Poetry Sunday: My mother was like the bees

My mother was like the bees

BY TED KOOSER

because she needed a lavish taste
on her tongue,
a daily tipple of amber and gold
to waft her into the sky,
a soluble heat trickling down her throat.
Who could blame her
for starting out each morning
with a swig of something furious
in her belly, for days
when she dressed in flashy lamé
leggings like a starlet,
for wriggling and dancing a little madly,
her crazy reels and her rumbas,
for coming home wobbly
with a flicker of clover’s inflorescence
still clinging to her clothes,
enough to light the darkness
of a pitch-black hive.

Full of surprises and delight

Natural Delights and Surprises = Crystalized Honey

Full of surprises and delight

I tell you, Reader, so many people have asked me about crystallized honey lately that I’ve decided to write about it.

First of all: Honey lasts forever. And I mean forever. As in eternity.

Second of all: The composition of honey may change over time.

Third: Raw honey changes more than pasteurized honey because raw honey contains good and natural surprises in it. Whereas pasteurized honey is stripped of these delights. Good and natural delights change over time. Which is what makes them good…and exciting. Right? The more we try to control change, the less fun we have in this life, Reader. Take it from me.

Fourth: The more tiny bits of natural surprises (such as pollen or wax) in the honey, the more little things there are on which crystals will begin to form. This has to do with science, and I’m not going into science here…let me simply say that the less your honey is strained and heated, the more bits of nature remain in it. And this is exactly why you want to buy local honey—honey that has not been stripped of its local pollen. Local pollen in your honey tastes like home. It also helps those who eat it develop immunities when it comes to local allergens.

Fifth: You want your honey cloudy with little specks of colorful pollen in it. You don’t want your honey clear and runny. You want your honey the way you want your bread or your rice…you want it dense with nature. Not white.

Sixth: So, we’ve established that it’s a good sign if your honey crystalizes because it’s a sign that you are eating closer to nature and the earth.

Seventh: Some of the blossoms on which the bees forage crystalize more quickly than others. So, if your honey crystalizes, it’s a sign that the nectar from which your honey comes was collected from a certain blossom at a specific time of the year. Which is very cool. It’s one of the bonuses of buying honey from a single hive as opposed to buying honey gathered from all over several unknown continents and mixed together and heated in a giant vat.

Eighth: The crystals are reversible. If your mouth prefers to eat your honey without crystals, simply heat the honey-containing jar slowly in a pan of water until the crystals disappear. Or set your jar in a sunny place.

We strain very little of the wonder from our honey. You can still taste the Ohio in it. Which means it will eventually crystalize. Because it is that awesome.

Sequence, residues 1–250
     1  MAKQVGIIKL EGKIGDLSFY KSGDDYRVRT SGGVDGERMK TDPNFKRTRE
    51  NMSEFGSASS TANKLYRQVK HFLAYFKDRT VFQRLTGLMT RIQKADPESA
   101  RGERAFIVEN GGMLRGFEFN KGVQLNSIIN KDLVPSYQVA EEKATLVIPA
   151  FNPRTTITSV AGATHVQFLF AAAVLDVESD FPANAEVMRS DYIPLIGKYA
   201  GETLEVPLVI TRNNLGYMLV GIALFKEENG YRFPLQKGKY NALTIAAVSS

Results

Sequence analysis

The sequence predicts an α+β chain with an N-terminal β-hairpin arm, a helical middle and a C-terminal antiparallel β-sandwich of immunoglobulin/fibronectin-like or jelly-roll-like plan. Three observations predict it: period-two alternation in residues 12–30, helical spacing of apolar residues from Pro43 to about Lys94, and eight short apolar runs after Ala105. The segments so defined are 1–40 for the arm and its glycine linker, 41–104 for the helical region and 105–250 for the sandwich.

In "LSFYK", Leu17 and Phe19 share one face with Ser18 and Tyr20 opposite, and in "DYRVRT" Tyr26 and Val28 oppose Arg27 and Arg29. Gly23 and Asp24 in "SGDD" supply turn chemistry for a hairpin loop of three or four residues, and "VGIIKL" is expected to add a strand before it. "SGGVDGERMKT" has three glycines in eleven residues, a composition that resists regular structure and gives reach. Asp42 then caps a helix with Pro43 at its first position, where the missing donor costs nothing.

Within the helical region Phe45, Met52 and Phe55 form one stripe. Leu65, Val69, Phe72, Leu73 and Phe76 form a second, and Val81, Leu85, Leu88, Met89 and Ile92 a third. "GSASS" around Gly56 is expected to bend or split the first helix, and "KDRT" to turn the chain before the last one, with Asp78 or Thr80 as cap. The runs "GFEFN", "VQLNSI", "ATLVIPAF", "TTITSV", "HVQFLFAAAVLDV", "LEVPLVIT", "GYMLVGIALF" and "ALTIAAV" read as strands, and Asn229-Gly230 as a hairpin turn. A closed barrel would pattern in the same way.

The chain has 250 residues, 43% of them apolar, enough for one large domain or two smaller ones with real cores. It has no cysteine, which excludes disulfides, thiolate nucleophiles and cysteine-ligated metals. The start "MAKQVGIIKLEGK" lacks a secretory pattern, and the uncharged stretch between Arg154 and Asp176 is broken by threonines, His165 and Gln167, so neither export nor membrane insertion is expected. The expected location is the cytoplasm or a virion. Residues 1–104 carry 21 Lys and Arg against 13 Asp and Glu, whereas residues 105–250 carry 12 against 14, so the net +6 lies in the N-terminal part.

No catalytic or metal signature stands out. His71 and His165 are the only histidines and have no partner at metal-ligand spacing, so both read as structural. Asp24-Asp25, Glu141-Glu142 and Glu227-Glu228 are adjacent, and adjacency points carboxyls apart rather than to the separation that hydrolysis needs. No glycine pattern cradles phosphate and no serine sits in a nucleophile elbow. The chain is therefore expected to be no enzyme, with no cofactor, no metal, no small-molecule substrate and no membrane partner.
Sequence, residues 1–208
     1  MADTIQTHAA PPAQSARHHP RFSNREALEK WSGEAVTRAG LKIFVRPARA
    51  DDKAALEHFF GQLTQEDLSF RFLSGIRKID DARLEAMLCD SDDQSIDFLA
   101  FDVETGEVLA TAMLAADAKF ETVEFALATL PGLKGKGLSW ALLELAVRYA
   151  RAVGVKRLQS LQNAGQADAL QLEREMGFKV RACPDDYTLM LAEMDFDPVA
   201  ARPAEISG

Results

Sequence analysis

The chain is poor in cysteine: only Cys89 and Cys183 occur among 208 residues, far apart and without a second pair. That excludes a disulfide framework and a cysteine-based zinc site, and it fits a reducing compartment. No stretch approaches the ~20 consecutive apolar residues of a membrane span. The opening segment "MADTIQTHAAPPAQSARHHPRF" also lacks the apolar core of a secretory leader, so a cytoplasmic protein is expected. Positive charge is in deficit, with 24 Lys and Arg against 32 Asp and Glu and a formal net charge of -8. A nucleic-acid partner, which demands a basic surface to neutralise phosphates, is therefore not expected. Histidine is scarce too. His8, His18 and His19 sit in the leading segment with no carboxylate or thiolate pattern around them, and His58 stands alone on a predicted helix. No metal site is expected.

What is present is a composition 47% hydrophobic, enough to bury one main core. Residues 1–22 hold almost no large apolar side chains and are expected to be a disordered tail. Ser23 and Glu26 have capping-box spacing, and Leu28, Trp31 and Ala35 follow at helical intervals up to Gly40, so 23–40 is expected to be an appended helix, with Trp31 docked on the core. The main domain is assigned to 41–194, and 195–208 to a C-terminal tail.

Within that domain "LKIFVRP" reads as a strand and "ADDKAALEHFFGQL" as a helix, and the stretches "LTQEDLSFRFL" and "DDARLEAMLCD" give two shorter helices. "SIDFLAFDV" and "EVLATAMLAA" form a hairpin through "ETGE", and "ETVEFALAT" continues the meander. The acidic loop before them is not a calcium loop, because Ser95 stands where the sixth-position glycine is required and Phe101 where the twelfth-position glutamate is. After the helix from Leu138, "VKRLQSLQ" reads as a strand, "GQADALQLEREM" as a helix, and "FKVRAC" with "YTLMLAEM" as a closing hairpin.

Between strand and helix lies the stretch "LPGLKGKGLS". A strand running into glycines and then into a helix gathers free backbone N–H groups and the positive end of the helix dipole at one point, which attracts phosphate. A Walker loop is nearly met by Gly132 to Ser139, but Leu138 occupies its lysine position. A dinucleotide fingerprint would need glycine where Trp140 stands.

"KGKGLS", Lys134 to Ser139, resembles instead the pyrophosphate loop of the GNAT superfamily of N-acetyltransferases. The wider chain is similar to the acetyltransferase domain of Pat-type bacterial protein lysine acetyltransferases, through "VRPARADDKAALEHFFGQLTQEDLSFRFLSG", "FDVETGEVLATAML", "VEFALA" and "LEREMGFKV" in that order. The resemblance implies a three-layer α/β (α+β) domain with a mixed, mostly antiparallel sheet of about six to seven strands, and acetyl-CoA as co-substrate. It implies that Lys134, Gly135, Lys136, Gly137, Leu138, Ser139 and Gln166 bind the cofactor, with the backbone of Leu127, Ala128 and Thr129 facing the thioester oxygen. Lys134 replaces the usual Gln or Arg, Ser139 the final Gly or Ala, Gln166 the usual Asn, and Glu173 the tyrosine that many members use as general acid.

Poetry Sunday: Ox Cart Man

Ox Cart Man

BY DONALD HALL

In October of the year,
he counts potatoes dug from the brown field,
counting the seed, counting
the cellar’s portion out,
and bags the rest on the cart’s floor.

He packs wool sheared in April, honey
in combs, linen, leather
tanned from deerhide,
and vinegar in a barrel
hooped by hand at the forge’s fire.

He walks by his ox’s head, ten days
to Portsmouth Market, and sells potatoes,
and the bag that carried potatoes,
flaxseed, birch brooms, maple sugar, goose
feathers, yarn.

When the cart is empty he sells the cart.
When the cart is sold he sells the ox,
harness and yoke, and walks
home, his pockets heavy
with the year’s coin for salt and taxes,

and at home by fire’s light in November cold
stitches new harness
for next year’s ox in the barn,
and carves the yoke, and saws planks
building the cart again.

Poetry Sunday: my dreams, my works, must wait till after hell

my dreams, my works, must wait till after hell

BY GWENDOLYN BROOKS

I hold my honey and I store my bread
In little jars and cabinets of my will.
I label clearly, and each latch and lid
I bid, Be firm till I return from hell.
I am very hungry. I am incomplete.
And none can tell when I may dine again.
No man can give me any word but Wait,
The puny light. I keep eyes pointed in;
Hoping that, when the devil days of my hurt
Drag out to their last dregs and I resume
On such legs as are left me, in such heart
As I can manage, remember to go home,
My taste will not have turned insensitive
To honey and bread old purity could love.

Poetry Sunday: Beyond the Red River

Beyond the Red River

BY THOMAS MCGRATH

The birds have flown their summer skies to the south,
And the flower-money is drying in the banks of bent grass
Which the bumble bee has abandoned. We wait for a winter lion,
Body of ice-crystals and sombrero of dead leaves.

A month ago, from the salt engines of the sea,
A machinery of early storms rolled toward the holiday houses
Where summer still dozed in the pool-side chairs, sipping
An aging whiskey of distances and departures.
Now the long freight of autumn goes smoking out of the land.
My possibles are all packed up, but still I do not leave.
I am happy enough here, where Dakota drifts wild in the universe,
Where the prairie is starting to shake in the surf of the winter dark.